57 Brazilian cheeses won medals at the biennial 'Mondial du Fromage' in Tours, France in September this year.
That put unsung Brazil, a country not widely known for its cheese, second only to France on the podium of the world's best.
Alagoa is the name of the region responsible for many of this award winning Brazilian cheese.
Is Alagoa cheese capital of Brazil?
The bucolic region is situated in the longtime 'queijo' (cheese) producing state of Minas Gerais.
Settled three centuries ago by colonists digging for gold, the area started producing cheese when an Italian shoemaker, Paschoal Poppa, arrived in the village in the early 20th century with a recipe for parmesan.
Today, the municipality of 2,700 people is home to no less than 135 cheese-makers, several of whom have won prizes at recent editions of the festival in Tours.
That is generating a nascent gastronomy tourism industry in Alagoa, whose sleepy streets are now decorated with mini-Eiffel Towers at cheese shops, celebrating the town's newfound status as a foodie destination.
Life as a cheese farmer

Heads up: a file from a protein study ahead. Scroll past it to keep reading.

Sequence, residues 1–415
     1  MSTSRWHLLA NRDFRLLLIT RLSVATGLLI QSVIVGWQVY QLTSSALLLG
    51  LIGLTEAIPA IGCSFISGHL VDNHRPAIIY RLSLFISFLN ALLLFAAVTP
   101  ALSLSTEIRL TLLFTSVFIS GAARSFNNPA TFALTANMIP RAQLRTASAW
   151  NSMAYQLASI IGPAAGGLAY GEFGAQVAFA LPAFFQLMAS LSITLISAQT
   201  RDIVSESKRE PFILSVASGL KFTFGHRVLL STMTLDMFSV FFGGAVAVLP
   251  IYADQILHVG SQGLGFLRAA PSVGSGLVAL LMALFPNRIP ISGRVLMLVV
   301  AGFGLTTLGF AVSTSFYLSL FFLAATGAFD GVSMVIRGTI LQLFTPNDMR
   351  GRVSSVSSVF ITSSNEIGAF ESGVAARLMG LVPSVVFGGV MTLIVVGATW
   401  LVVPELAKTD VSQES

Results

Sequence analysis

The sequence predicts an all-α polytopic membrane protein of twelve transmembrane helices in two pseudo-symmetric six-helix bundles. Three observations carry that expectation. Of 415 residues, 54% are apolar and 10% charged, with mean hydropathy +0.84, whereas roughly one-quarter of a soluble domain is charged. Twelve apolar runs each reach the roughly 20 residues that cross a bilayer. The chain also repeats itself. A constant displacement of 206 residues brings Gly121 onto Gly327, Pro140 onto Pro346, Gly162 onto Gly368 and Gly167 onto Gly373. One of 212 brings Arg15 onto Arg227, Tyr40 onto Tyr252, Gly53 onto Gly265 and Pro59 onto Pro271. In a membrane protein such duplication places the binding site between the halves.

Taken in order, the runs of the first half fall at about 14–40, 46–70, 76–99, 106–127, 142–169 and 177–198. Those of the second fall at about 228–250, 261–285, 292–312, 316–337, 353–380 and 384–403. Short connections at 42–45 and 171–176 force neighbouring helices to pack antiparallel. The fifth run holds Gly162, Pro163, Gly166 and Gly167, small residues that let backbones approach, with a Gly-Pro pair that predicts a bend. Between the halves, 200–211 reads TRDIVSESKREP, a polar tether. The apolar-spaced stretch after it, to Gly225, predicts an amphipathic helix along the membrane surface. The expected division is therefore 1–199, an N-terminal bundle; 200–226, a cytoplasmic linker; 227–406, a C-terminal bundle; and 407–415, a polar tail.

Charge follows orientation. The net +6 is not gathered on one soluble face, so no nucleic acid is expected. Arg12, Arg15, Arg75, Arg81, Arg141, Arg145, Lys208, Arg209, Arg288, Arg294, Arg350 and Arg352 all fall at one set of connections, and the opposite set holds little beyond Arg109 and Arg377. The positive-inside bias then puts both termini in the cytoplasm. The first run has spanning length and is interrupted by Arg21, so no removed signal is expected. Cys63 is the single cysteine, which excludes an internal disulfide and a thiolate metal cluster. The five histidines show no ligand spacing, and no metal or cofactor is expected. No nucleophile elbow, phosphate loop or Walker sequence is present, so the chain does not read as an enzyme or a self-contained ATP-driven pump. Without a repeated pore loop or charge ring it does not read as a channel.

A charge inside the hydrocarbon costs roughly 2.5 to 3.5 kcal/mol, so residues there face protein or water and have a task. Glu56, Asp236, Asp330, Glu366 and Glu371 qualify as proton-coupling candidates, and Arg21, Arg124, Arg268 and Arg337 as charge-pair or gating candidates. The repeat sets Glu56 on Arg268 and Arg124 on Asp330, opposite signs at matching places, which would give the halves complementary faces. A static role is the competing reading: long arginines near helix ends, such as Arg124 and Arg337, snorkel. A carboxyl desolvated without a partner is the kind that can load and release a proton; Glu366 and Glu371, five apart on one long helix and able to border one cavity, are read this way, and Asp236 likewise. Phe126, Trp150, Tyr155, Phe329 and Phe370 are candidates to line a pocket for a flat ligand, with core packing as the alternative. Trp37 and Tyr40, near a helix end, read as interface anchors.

The prizes "have changed our lives," says Dirce Martins, who has been making cheese in Alagoa for 39 years.
"Nobody used to come here. Buyers basically paid whatever price they wanted for our cheese. Now we have all these visitors," she says, giving a tour of the small room where she ages her multi-award-winning 'Fumace' on wooden shelves.
Working alongside her husband and son, Martins produces at most 60 smoked cheeses a day.
Cassia, 32, has a similarly small operation: she and her husband, Marcos, make around 15 kilograms (33 pounds) of cheese a day with their 15 dairy cows, who sport names like France, Spain and Denmark.
"It's hard work - 6:00 am to 10:00 pm every day, rain or shine, or even pregnant," says Cassia.
"And the competition is tough," she adds, as she shows how she and her husband artificially inseminate the cows themselves.
She and her husband credit the silver medal they won in France with luring the big-city suppliers who now brave the rocky valley road to their farm to buy their cheeses at 45 reais (€7) a piece.
How do cheese farmers in Alagoa benefit from success at the 'Mundial du Frumage'?
"For a French cheese, winning a prize boosts its value by up to 20 per cent. In Brazil, the increase is 300 to 400 per cent," says Carvalho, the director of SerTaoBras, an association that promotes Brazilian craft cheeses.
The company won a 'super gold' in France with its 'Santo Casamenteiro' a blue cheese with apricots and nuts that looks like a wedding cake.
Cruzilia, which has a line of more than 90 products, has increased production by a third three years.
"Brazilians are starting to look within our own borders and value our flavors and traditions," says Juliana Jensen, research director for Cruzilia.
Check out the video above to see where and how the cheese is produced.